These hearty plants, with their delicate flowers, are popping up all over LA Green Grounds, in the beds set aside for plants, in the paths, around the compost. They are fava bean plants, and they do much more than produce beans.
Favas, also called broad beans, come in many colors and are delicious when cooked, but many people plant them as a cover crop because they are good at fixing nitrogen in the soil. Cover crops are used to protect and improve the soil – a great, inexpensive alternative to fertilizers.
When Florence Nishida began LA Green Grounds, the soil was "packed down, never cultivated before, and who knows whatever spilled or was used there," she said. "Our garden didn’t even have weeds growing – oh, a couple of bindweed."
She decided the garden needed plants that would add nutrients, would penetrate the ground with their roots and would provide food.
But before planting the favas, she and other volunteers used shovels and pick-axes to open the cement-hard ground, she said. They added city-made compost, about 6 inches thick, and mulch. On that, Nishida scattered beans in January 2016.
"It was surprising how many germinated," she said. "That spring, we had a pretty good crop of fava beans, scattered throughout the garden."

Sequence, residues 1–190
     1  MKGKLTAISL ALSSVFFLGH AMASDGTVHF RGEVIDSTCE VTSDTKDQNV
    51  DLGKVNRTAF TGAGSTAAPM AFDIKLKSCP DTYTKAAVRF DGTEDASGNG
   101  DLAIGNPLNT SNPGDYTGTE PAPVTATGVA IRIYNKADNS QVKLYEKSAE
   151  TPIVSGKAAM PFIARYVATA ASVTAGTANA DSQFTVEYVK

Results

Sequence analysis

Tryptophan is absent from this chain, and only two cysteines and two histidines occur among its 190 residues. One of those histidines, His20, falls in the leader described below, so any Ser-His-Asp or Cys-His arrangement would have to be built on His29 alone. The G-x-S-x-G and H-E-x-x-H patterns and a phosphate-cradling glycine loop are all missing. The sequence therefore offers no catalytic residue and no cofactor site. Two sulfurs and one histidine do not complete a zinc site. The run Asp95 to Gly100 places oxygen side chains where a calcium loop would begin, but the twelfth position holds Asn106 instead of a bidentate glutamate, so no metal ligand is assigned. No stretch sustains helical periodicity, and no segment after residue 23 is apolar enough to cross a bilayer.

The beans – along with California poppies – were dropped without regard to what was a bed or what was a path.
Growers don’t always wait for their cover crops to produce food; often, they cut the plants down before that so they can plant other things. But at LA Green Grounds, the favas were left growing until they went to seed.
"After that year, we had an abundant fava bean crop - so much that it was nearly a fava bean jungle" each of the next three or four years, Nishida said. In 2019, gardeners cut many of them down to make way for other things. Nishida said her philosophy is to let them grow unless the space is needed.
Once the plant produces its seed pods, the nitrogen is being used by the plant, rather than collecting in the roots. But if the plants are pruned, as they are now, the cut pieces can be chopped for compost or used as mulch.
"Anyway, it's like the welcome guest who came for dinner and never left," she said.
The black and white flowers on the plant, if left, will mature into thick pods. The beans are flat seeds found in the pods.
If you are intrigued, fava is a cool-weather crop that can be planted in fall for spring harvest, and at home you don’t need to spread them everywhere.
The pods are edible when young, and one year, volunteer Beth Goldfarb roasted them for the garden volunteers.
It’s more common to eat the beans. They’re a bit labor intensive to prepare because once you’ve shelled them, there’s another skin on each bean to remove. In spring, they’re delicious with spring onions and mint. They can be sauteed or pureed as a dip. They star in the traditional Egyptian dish called ful. Here’s one of many ways to prepare it.
- LAGG Garden Keeper Mary M.
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